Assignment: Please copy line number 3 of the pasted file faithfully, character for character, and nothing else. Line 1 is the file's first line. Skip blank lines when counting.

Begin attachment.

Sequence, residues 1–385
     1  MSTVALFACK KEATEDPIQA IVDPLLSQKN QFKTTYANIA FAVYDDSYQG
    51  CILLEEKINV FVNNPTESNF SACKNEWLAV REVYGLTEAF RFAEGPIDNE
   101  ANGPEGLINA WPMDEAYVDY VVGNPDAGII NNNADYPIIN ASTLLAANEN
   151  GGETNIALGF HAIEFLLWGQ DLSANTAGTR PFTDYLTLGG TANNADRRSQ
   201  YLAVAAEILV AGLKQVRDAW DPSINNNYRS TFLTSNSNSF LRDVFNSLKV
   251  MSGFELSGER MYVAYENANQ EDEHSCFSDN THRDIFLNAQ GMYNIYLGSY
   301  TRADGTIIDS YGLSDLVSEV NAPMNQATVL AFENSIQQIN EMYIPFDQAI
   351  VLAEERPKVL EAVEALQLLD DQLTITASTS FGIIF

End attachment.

    51  CILLEEKINV FVNNPTESNF SACKNEWLAV REVYGLTEAF RFAEGPIDNE